When we measure people’s temporal discounting in the laboratory, the most obvious result is that people vary tremendously in their patience. Some people discount money very slowly, such that they have equal value for 48 dollars now and 50 dollars in six months. Others discount very, very rapidly. They have equal value for 20 dollars now and 50 dollars in just one month.

Behavioral economists have argued that people engage in a sort of mental accounting for their financial decisions—they assign decisions to different mental accounts and apply different rules to each account. The retirement savings and the money earned in the laboratory reflect two different mental accounts.

It would be much more efficient for us to apply the same rules across all such accounts so that we aren’t too impulsive in one setting and too patient in another. However, that turns out to be very difficult.

Why We Discount • There are at least three explanations for why rewards are worth less in the future than they are in the present. First, delayed outcomes can also be risky outcomes. Waiting to receive a reward carries risks. The promise of a future reward might not be kept. Our personal circumstances might change—we might step in front of a bus tomorrow, or we might win the lottery. The longer the delay, the greater the risk and, thus, the less a future reward should be worth. However, we can’t explain away temporal discounting as just a natural response to risk. •

A second explanation is more psychological: Temporal discounting arises from temptation. People tend to discount primary rewards like food and juice much more rapidly than money. Moreover, people who find a particular type of reward especially tempting— like those who report loving candy, chocolate, or chips—show faster discounting for that reward than other similar rewards. However, temptation doesn’t explain why we show such high


Lecture 9: Temporal Discounting—Now or Later?

discounting for money, especially when we don’t desperately need that money right now. •

There is a third explanation that is a bit subtler than the other two. Think of, for example, a 25-year-old single male in the United States who is just beginning to save for retirement. Every dollar saved for retirement is taken away from his 25-year-old self—that money is not available for whatever activities he values right now. Instead, it is aside for the as-yet-unknown desires of his 65-year-old self.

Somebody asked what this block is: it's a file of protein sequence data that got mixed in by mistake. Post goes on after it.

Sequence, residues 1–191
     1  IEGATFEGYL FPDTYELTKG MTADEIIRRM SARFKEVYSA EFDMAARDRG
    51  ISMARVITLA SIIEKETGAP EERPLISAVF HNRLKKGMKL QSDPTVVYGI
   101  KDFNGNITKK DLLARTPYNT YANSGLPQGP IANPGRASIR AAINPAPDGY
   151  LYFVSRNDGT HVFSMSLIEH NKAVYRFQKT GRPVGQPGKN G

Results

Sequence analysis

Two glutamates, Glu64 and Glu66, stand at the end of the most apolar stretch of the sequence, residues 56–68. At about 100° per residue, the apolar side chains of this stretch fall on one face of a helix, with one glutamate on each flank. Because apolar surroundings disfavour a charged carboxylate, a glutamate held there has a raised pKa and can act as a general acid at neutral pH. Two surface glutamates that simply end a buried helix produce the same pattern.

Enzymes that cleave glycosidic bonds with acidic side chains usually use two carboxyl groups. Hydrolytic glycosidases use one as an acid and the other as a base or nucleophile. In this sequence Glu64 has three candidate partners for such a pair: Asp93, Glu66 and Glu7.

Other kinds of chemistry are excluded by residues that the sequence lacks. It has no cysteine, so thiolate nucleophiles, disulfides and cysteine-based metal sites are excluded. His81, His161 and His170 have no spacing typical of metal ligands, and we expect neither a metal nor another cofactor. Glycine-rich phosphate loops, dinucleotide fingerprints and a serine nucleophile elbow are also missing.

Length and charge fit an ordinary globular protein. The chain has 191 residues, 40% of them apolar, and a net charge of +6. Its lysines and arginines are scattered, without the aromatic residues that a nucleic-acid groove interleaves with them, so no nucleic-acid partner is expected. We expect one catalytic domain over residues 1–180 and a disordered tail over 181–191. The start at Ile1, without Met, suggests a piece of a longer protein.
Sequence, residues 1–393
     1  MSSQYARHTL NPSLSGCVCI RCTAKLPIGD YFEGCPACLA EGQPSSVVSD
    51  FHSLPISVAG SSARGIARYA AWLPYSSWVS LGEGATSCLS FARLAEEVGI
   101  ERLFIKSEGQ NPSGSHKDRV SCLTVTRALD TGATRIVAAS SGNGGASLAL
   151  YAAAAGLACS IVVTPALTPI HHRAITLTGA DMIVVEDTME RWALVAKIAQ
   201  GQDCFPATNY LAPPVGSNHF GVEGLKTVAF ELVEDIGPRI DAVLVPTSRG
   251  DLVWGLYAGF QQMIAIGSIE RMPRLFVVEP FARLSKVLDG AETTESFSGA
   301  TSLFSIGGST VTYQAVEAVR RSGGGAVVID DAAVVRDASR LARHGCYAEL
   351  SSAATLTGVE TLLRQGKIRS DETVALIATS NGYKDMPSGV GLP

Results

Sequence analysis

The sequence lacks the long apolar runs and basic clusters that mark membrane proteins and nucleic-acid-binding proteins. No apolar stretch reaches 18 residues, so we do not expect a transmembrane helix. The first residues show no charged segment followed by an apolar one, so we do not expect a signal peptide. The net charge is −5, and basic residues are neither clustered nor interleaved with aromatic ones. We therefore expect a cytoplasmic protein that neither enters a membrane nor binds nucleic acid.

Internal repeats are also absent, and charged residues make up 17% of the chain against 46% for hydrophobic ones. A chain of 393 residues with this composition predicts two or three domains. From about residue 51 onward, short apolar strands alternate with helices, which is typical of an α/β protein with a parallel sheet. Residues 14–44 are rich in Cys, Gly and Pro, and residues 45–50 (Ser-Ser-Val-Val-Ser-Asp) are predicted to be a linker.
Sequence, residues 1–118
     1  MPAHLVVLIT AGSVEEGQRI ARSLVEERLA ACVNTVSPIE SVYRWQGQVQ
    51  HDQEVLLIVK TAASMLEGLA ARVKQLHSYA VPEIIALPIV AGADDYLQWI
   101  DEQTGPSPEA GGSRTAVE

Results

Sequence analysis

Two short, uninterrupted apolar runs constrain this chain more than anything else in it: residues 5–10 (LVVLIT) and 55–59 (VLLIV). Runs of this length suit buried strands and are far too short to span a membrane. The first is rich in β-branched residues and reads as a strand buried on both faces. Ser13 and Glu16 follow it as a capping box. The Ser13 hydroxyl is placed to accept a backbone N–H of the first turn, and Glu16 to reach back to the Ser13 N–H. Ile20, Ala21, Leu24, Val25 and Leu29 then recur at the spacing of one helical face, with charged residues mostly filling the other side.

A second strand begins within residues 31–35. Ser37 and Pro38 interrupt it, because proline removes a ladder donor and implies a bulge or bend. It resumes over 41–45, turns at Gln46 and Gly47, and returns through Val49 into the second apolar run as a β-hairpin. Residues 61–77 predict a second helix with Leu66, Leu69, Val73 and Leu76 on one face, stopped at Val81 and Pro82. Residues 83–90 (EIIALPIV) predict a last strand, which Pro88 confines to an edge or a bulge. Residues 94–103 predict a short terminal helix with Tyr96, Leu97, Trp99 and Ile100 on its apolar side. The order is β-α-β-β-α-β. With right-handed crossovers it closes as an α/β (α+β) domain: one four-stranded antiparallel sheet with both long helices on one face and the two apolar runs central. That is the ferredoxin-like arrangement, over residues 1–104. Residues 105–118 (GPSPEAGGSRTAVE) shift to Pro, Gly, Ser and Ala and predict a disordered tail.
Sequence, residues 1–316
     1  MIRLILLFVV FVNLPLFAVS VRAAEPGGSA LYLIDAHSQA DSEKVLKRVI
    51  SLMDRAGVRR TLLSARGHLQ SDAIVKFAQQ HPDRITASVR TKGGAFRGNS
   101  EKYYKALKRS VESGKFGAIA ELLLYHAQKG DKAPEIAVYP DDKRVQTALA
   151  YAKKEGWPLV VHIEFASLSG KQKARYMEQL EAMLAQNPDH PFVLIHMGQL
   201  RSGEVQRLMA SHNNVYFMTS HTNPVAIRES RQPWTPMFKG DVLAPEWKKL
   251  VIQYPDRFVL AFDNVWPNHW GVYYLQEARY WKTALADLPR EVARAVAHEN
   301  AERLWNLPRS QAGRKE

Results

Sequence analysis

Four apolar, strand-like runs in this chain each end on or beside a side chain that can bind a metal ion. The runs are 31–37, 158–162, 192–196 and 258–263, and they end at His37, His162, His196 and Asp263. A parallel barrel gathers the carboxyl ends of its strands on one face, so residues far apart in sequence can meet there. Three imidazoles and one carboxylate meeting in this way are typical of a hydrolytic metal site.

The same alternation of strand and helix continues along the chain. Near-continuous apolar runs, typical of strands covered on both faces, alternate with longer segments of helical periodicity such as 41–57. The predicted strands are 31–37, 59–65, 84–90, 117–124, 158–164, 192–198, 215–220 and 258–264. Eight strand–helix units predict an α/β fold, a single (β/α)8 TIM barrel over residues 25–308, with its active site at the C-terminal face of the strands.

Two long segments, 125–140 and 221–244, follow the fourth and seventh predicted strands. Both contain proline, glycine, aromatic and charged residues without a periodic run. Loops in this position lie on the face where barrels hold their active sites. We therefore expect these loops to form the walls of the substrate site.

Perhaps his 65-year-old self will like to travel, or will want to support charitable causes, or will need long-term medical care. He doesn’t know—and cannot know—what his 65-year-old self will use the money for. He just knows that it is a good idea to reserve some of his current money for his future self.

Preference Reversals • The first of three key anomalies in temporal discounting behavior is preference reversals, which are flips in preference from one reward to another as time passes. Consider the following choice. Which would you prefer: 100 dollars now or 105 dollars a week from now? Many people find this to be a pretty easy choice; they’d rather have the smaller but sooner 100 dollars.


Let’s change the dates. Which do you prefer: 100 dollars in 52 weeks or 105 dollars in 53 weeks? Now, this seems like a very easy choice to almost everyone: They’d rather have the larger, later 105 dollars.

These two situations only differ because of the passage of time: The second scenario just happens one year later than the first. However, people choose differently in the two situations, choosing the smaller, sooner reward when it is near but the larger, later reward when it is distant.

Think about what that implies about people’s preferences. Someone who prefers 105 dollars in 53 weeks would have to wait, and wait,